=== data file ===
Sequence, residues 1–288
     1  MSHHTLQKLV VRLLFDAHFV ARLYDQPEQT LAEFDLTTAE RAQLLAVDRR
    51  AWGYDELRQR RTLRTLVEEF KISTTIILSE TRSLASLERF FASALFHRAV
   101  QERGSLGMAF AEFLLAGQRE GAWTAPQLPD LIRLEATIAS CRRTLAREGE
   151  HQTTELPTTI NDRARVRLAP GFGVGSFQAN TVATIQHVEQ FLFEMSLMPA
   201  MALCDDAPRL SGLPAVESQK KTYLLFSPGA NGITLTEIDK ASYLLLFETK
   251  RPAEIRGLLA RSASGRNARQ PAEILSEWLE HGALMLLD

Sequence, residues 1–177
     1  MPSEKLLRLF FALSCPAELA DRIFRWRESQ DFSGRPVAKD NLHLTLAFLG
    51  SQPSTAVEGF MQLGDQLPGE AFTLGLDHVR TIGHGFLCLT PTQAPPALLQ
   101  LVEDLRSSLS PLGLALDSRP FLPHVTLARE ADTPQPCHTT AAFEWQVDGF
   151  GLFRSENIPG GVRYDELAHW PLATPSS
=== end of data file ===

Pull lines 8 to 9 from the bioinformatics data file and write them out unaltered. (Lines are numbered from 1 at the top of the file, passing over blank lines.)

Sequence, residues 1–177
     1  MPSEKLLRLF FALSCPAELA DRIFRWRESQ DFSGRPVAKD NLHLTLAFLG